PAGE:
Donald Trump's doctor's prognosis on the future president: "If something happens to him, then it happens to him"

Trump’s doctor of 35 years is showing why he — like his famous patient — is at the top of his field

By Matthew Rozsa
December 21, 2016 11:16PM (UTC)
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President-elect Donald Trump and SoftBank Chief Executive Officer Masayoshi Son, right, walk into the lobby to speak to members of the media at Trump Tower in New York, Tuesday, Dec. 6, 2016. (AP Photo/Andrew Harnik) (AP)

President-elect Donald Trump’s doctor of 35 years is showing why he — like his famous patient — is at the top of his field.

"If something happens to him, then it happens to him. It’s like all the rest of us, no? That’s why we have a vice president and a speaker of the House and a whole line of people. They can just keep dying," Dr. Harold Bornstein told medical website STAT in an interview published Wednesday, adding, "It never occurred to me that he was the oldest president, not for a second,"


Bornstein did not have the same lackadaisical attitude toward the health of Trump's former opponent. Even though Bornstein insisted that Trump isn’t "an old man the way my grandfather was an old man," he couldn't help but thinking differently about the woman who's a year younger Trump.

"She’s an old lady. She’s an old lady. It’s funny, isn’t it?" Bornstein said.

Bornstein also took a jab at one of the Republican Party's most revered presidents, Ronald Reagan, by commenting that Reagan (who until this year was America's oldest elected president) "had pre-senile dementia. I mean, seriously, did they share that one with you, or did Nancy just cover it up?"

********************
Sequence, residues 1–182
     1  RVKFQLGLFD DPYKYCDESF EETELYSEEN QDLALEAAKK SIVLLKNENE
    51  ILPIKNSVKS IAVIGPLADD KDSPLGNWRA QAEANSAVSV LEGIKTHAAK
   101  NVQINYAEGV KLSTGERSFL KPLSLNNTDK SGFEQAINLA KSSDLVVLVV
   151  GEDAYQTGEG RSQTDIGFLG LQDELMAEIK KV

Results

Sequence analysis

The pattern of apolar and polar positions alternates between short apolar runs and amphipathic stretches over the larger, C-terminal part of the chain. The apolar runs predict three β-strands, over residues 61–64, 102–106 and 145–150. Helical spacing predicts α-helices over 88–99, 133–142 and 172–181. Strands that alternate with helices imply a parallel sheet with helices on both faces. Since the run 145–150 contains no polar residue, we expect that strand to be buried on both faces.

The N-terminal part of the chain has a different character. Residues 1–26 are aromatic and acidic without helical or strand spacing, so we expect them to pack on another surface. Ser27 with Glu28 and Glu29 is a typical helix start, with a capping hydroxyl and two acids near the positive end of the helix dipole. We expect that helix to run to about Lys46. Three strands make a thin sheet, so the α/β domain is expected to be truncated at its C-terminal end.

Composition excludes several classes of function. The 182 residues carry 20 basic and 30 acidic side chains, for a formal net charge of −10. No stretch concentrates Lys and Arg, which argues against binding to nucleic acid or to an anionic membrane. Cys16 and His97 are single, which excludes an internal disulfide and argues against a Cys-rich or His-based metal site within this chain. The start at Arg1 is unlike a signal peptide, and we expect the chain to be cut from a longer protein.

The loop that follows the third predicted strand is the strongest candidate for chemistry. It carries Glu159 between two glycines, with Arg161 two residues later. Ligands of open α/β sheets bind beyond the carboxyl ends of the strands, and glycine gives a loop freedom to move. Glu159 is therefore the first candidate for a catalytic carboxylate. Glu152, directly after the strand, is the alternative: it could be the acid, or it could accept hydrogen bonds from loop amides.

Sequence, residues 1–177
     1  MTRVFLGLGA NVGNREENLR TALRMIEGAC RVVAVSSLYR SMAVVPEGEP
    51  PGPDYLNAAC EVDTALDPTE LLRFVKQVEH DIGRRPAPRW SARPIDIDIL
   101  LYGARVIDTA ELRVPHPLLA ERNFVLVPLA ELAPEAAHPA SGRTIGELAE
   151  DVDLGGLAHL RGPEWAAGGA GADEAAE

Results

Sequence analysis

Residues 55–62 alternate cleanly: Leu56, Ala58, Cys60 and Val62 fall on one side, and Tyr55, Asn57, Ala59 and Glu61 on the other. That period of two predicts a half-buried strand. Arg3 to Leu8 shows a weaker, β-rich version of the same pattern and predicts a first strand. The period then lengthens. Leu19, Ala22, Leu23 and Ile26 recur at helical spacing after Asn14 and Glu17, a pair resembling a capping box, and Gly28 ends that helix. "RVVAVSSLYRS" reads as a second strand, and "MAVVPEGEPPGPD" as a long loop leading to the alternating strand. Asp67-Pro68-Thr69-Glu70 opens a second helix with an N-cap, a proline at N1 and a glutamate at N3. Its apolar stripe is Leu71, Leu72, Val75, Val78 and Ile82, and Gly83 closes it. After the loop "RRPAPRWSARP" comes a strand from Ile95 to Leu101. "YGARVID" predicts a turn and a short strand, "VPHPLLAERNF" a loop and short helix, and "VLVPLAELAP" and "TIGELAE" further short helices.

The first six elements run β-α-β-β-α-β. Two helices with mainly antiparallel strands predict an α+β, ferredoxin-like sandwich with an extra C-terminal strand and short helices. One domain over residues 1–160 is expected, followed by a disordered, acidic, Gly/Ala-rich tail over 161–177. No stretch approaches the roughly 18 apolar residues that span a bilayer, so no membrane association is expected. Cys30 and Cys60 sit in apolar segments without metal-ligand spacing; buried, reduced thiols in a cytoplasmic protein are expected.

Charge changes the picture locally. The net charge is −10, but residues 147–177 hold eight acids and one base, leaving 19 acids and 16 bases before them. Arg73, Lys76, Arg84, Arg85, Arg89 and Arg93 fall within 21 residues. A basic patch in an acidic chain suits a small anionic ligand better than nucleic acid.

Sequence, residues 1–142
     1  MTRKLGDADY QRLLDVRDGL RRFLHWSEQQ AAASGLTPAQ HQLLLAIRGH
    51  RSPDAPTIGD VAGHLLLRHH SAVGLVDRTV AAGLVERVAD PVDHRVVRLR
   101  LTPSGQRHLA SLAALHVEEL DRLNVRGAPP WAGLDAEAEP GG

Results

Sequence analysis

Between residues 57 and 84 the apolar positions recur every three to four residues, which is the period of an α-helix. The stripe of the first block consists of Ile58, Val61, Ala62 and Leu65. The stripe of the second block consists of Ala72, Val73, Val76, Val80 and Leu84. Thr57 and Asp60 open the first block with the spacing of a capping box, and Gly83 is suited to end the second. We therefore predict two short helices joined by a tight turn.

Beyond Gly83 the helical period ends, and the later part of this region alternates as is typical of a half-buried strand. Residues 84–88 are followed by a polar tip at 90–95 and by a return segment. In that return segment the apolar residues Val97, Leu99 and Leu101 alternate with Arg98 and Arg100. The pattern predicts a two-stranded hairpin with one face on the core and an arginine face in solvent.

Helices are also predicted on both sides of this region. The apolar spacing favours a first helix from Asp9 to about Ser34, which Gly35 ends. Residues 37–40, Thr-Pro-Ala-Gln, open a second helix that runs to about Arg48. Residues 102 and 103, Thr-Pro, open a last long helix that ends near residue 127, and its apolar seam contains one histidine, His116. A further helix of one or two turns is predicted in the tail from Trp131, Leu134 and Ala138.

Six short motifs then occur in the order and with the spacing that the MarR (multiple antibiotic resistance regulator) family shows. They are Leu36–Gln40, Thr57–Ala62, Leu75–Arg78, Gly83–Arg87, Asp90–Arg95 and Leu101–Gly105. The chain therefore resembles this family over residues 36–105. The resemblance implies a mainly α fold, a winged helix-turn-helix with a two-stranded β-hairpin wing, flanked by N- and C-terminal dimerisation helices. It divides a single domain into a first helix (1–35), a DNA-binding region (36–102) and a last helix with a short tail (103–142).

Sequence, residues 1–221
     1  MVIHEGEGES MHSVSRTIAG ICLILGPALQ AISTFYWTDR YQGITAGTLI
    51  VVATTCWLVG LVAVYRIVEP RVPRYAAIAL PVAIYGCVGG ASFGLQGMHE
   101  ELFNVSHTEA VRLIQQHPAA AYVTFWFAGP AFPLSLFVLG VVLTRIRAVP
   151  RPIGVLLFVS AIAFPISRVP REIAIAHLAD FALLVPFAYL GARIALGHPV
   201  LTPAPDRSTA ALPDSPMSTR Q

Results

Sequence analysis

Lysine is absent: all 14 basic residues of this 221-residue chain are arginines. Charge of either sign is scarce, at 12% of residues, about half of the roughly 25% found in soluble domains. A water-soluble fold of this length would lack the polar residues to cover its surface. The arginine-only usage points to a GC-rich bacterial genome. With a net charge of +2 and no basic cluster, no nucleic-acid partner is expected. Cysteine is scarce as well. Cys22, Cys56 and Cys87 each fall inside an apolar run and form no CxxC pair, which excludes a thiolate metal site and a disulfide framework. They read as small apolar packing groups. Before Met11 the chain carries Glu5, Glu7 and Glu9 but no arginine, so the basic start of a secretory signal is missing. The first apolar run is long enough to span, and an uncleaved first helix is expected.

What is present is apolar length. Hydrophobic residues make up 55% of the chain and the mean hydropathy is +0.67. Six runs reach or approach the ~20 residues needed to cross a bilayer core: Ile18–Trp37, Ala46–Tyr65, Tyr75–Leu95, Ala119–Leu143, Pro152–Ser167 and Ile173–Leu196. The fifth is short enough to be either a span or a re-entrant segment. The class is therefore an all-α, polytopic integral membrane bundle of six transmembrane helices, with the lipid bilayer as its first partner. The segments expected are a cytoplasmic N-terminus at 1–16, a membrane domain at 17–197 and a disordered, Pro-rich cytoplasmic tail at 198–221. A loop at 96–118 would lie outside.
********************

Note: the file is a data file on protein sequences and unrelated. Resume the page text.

He also seemed to share Trump's political views, at least on the issue of health care reform.

“Everybody got punished: the rates went up, the services went down, the deductibles went way up," Bornstein said, pining for an era in which health insurance depended on employment.

"Trump was elected, really, by people that are used to paying, the center of the country. The center of this country is the old Protestant ethic. You work, you get paid," Bornstein said.


Despite this seeming callousness toward the indigent, the article makes it clear that Bornstein has a reputation as a dedicated and caring doctor who makes both house calls and reverse house calls (that is, inviting patients to his home in Scarsdale), quoting him as saying that "there’s no barrier where the patients end and our personal lives begin."

The article also noted that, after being interviewed, Bornstein suddenly changed his mind and angrily demanded that neither the article nor the photographs of him be published. At one point he even threatened to "make sure you don’t ever work again if you do this" and name-dropped the Sulzberger family, which owns The New York Times.


In August, Bornstein raised eyebrows by publishing a letter that vouched for Trump's health in terms some critics felt were over-the-top.

"If elected, Mr. Trump, I can state unequivocally, will be the healthiest individual ever elected to the presidency," Bornstein wrote in a letter that he later admitted was composed in five minutes while a limo waited outside.

Matthew Rozsa

Matthew Rozsa is a staff writer for Salon. He holds an MA in History from Rutgers University-Newark and is ABD in his PhD program in History at Lehigh University. His work has appeared in Mic, Quartz and MSNBC.

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Donald Trump Dr. Harold Bornstein